top of page
Oral History & Memory 

Bettina Diwersy, Ph.D. Candidate

The method of Oral History is originally a method of the historical sciences. Among other contemporary testimonies, such as documents, the narratives of contemporary witnesses represent an important source of knowledge. Today, however, narrated remembrance is also used in many other contexts and not only within the historical sciences. In the course of an oral history project, testimonies of living people are collected about their own experiences. With the help of these reconstructed memories of everyday worldly references, life stories can be collected and preserved. The preservation of these stories from contemporary witnesses is central because history is made up of stories and constitutes an essential basis for collective and individual identities. This is especially true for minorities and vulnerable groups. Oral history aims above all to preserve the memories, experiences and insights of older generations for future generations. The method of oral history thus represents a comprehensive possibility for the preservation of experiences and stories, which can be of great significance in numerous respects and can be used in a wide variety of contexts.



At the heart of Oral history are the stories of contemporary witnesses. In order to collect these stories, a planned exchange with the witnesses is necessary. Since it is above all a question of stimulating free narratives, it is better to refrain from firm interview guidelines. Rather, the contemporary witnesses should be encouraged to tell their stories freely and allowed to recount their own focus and situation-specific dynamics. More important is the analysis and interpretation of the narratives in the aftermath. It must be considered that the stories are subjectively felt and interpreted realities. This does not mean that they are unreliable, but rather that the specific backgrounds and contexts of the emergence of these life stories must be considered (Thompson & Bornat, 2017).

Organizational requirements, equipment and materials:

For the implementation of oral history projects, little material is needed. Only tools for recording the exchange with the contemporary witnesses are necessary. These can be cameras or audio devices. It should be discussed in advance with the contemporary witnesses to what extent they agree to such a recording. Depending on the context in which the recording was made, it may be necessary to protect the identity of the eyewitness and anonymise the data obtained. Irrespective of this, data obtained through exchange with third parties should be treated sensitively. In order to work with the data later, computers and appropriate software as well as archiving options are needed.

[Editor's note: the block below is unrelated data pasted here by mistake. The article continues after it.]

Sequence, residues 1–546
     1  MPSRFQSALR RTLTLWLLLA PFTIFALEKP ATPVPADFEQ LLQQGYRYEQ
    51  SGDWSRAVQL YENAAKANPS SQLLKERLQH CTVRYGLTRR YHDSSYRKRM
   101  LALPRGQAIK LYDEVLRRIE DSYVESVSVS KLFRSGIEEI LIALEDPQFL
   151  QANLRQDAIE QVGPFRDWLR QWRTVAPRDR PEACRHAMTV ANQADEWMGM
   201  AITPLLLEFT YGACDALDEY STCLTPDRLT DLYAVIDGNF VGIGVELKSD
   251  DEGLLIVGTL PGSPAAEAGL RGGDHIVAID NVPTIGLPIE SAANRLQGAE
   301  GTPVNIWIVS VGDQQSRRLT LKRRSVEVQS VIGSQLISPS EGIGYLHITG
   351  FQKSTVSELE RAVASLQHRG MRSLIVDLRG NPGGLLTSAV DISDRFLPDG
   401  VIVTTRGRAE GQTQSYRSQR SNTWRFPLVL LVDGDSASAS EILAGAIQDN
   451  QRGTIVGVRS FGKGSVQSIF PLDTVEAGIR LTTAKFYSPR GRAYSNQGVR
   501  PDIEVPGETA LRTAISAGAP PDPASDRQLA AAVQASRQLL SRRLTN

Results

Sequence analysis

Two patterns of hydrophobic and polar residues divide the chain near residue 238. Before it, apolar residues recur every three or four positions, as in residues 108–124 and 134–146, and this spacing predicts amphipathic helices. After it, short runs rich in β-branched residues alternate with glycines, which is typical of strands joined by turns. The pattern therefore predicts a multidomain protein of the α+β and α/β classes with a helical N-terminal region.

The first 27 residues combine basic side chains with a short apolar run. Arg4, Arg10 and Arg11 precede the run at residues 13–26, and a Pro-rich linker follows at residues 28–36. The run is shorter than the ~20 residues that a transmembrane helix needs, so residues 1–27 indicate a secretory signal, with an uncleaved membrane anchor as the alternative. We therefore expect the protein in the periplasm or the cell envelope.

Securing the access and the collaboration of communities:

For oral history it is first of special importance to find appropriate contemporary witnesses and secondly to step into a trusting exchange with them. An oral history project may well be carried out by a larger group. Depending on the situation, one or two persons from the project group could be involved in an exchange with the contemporary witness. This can happen in a neutral place in public. Perhaps the contemporary witness would like to be questioned at home, because they have memorabilia there that they would like to include in the story. There is also the possibility of inviting the contemporary witnesses to a lesson, so that they can tell their story in front of a larger group. It is important to consider the wishes of the contemporary witness, e.g. for privacy or anonymity. In any case, the exchange must be well prepared and re-prepared.

Implementation process:

According to J. Myer, the process of an oral history project can be divided into the following steps:

  1. Formulate a central question or issue.

  2. Plan the project. Consider such things as end products, budget, publicity, evaluation, personnel, equipment, and time frames.

  3. Conduct background research.

  4. Interview.

  5. Process interviews.

  6. Evaluate research and interviews and cycle back to
    step 1 or go on to step 7.

  7. Organize and present results.

  8. Store materials archivally.

(Moyer, 1999)


Oral history can be used to discover, process and preserve a wide variety of stories. The stories from the everyday lives of those affected, offer students a variety of new perspectives on phenomena that they might otherwise only know from books. At the same time, such narratives are also important when it comes to questions of belonging and identity. Experiences of exclusion and discrimination can be re-experienced and their meaning re-evaluated and re-framed. It is important to carefully process and interpret the stories, to integrate them into images of oneself and others, and thus to preserve a valuable source of experience and knowledge over generations.


Useful Literature:

Atkinson, P. (Ed.) (2007). Narrative methods. Oral history and testimony. London: Sage. 

Dunaway, D. K., & Baum, W. K. (Eds.) (1996). Oral history – An Interdisciplinary Anthology (2nd Ed.). London: Sage.

Thompson, P., & Bormat, J. (2017). The Voice of the Past (4rd Ed.). New York: Oxford University Press.

Ritchie, D. A. (Ed.) (2011). The Oxford Handbook of Oral History. New York: Oxford University Press.


Useful Links:

Oral History Society, UK:

Baylor Institute for Oral History:

Step-by-Step Guide to Oral History by Judith Moyer:

Oral History and Trauma

Presented by Dr. Antonis Antoniou, Volos may 2018

bottom of page